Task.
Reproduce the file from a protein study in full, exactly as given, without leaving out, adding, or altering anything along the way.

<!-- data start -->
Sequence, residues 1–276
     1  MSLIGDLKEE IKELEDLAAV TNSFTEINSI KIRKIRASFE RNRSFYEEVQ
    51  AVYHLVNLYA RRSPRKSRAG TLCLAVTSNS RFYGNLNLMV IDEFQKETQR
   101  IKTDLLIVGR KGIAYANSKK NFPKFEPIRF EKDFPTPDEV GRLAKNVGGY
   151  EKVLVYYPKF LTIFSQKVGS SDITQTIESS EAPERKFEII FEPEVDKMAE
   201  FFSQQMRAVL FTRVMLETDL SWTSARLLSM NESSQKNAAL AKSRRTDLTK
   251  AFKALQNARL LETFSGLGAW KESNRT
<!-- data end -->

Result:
Sequence, residues 1–276
     1  MSLIGDLKEE IKELEDLAAV TNSFTEINSI KIRKIRASFE RNRSFYEEVQ
    51  AVYHLVNLYA RRSPRKSRAG TLCLAVTSNS RFYGNLNLMV IDEFQKETQR
   101  IKTDLLIVGR KGIAYANSKK NFPKFEPIRF EKDFPTPDEV GRLAKNVGGY
   151  EKVLVYYPKF LTIFSQKVGS SDITQTIESS EAPERKFEII FEPEVDKMAE
   201  FFSQQMRAVL FTRVMLETDL SWTSARLLSM NESSQKNAAL AKSRRTDLTK
   251  AFKALQNARL LETFSGLGAW KESNRT